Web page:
Molly Easo Smith has resigned as president of Manhattanville College, after two years in office, The Journal News reported. A statement Wednesday, announcing her resignation on Tuesday, said that she had achieved many of the goals that had been set when she was hired. But she has also seen several controversies, including protests last year over the resignations of two popular administrators.
Higher Education Quick Takes
West Virginia University sent 15,000 people a message -- intended for only 688 -- telling them that they were no longer eligible for various financial aid programs, The State Journal reported. The university is not sure how many of the 15,000 people actually received the message, since some are former students who wouldn't have had cause for alarm, but the university sent out a correction and apologized for the confusion.
When Richard McCormick announced this week that he is retiring from the presidency of Rutgers University, he spoke of his excitement about returning to a faculty position in history. The Star-Ledger reported he is assured by his contract that his salary as a faculty member will be $335,000, not exactly a standard history professor's pay. That's because his presidential contract contains a provision stating that, should McCormick ever return to teaching at Rutgers, his salary could be "no less" than that of the highest paid faculty member in the system. The new salary, however, will be less than his current one as president, $550,000.
The University and College Union, the main faculty union in Britain, has again (kind of) endorsed a boycott of Israel. Past endorsements of boycotts have been widely criticized by academics (including those who criticize Israel's policies) as antithetical to academic freedom. Some have also said that the union lacks the legal authority in Britain to call for a boycott. A spokesman for the union said in an e-mail to Inside Higher Ed that it would be incorrect to say that the union had called for a boycott. The actual resolution calls on the union to "circulate to all members" the call for a boycott by the Palestinian Campaign for the Academic and Cultural Boycott of Israel, but does not actually call for a boycott. A statement from Academic Friends of Israel scoffed at the distinction between calling for a boycott and distributing a call for a boycott. “If UCU distributes copies of the Palestinian boycott call to its members ... it is effectively asking them to participate in the boycott," said a statement from the group.
Cornell University has proposed replacing temporary fences on the bridges over gorges that are omnipresent on the campus with wire mesh nets. The fences were installed last year after a cluster of suicides -- in which students killed themselves jumping into the gorges -- stunned the campus, and led to debate over whether fences were needed. The university said it needed to take action to stop suicides, but many complained that the fences were a constant reminder of the suicides and marred the natural beauty of the campus. A statement from Susan Murphy, vice president for student and academic services, said: "We've taken care to submit designs that will preserve the aesthetic value of the bridges and vistas. We believe the designs also will make vulnerable members of our community feel safer and reduce the incidence of a highly lethal and potentially contagious form of suicide."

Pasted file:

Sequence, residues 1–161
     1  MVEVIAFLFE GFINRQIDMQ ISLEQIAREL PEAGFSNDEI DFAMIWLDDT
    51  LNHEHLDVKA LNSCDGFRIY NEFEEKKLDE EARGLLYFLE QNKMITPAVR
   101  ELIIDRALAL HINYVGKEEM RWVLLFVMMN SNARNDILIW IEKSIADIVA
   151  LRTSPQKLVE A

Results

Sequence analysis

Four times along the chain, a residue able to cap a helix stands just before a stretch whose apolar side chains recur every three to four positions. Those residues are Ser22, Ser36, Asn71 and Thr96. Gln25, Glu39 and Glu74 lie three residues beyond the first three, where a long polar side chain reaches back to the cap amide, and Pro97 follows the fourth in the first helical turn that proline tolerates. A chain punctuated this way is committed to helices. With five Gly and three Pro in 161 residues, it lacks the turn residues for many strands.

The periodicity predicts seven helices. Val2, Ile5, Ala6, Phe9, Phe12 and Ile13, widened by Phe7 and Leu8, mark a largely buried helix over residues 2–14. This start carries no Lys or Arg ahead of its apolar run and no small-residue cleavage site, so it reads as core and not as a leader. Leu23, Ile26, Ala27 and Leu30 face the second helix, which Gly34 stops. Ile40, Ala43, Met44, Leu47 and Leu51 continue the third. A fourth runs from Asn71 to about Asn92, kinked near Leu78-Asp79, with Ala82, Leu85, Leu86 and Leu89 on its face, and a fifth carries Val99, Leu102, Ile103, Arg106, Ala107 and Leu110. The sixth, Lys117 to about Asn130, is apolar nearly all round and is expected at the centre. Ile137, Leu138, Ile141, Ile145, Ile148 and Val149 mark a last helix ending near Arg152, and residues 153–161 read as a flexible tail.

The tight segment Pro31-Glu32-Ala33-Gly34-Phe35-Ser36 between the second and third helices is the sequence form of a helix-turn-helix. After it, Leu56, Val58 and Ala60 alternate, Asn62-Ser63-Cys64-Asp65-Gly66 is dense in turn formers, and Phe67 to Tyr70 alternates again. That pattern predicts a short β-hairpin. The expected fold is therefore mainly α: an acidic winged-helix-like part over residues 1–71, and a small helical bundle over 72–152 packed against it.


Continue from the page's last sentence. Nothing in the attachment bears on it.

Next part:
The question of whether law schools are adequately preparing their graduates for jobs after graduation -- and accurately informing them -- has been fodder for hunger-striking protesters and other critics. Now those issues are a matter for the courts, as a recent law graduate has sued California's Thomas Jefferson School of Law in state court, National Law Journal reported. The class action filed by Anna Alaburda alleges that "[f]or more than 15 years, TJSL has churned out graduates, many of whom have little or no hope of working as attorneys at any point in their careers," and that the school's placement statistics "were false, misleading, and intentionally designed to deceive all who read them." A spokeswoman for Thomas Jefferson told the legal newspaper that the institution follows American Bar Association guidelines on placement data and that its statistics are accurate. "This lawsuit is very much about a larger debate. This is part of the debate about whether it's practical to pursue a graduate degree in these difficult economic times," the spokeswoman said.
In a highly unusual move, the president of Hocking College on Tuesday sent out an e-mail newsletter in which he attacked his board and said that its members were trying to undercut him, The Athens News reported. Ron Erickson, the president of the Ohio college, said that board members were micromanaging decisions, ignoring agreements on how the president and board could work together and planning to replace him. Board members denied wrongdoing, and some criticized the president for making a public statement as he did.
The American Federation of Teachers released a report Tuesday on how colleges, universities and faculty unions can help recruit and retain women professors. The authors review data illustrating that women comprise a relatively small share of the faculty (both in various disciplines and overall) even though they represent the majority of undergraduate students and doctorate-earners. The paper also lists several policies and approaches that administrators can pursue to better promote gender equity in the professoriate. It is the second in a two-part series of AFT papers on diversity; the first examined racial and ethnic diversity.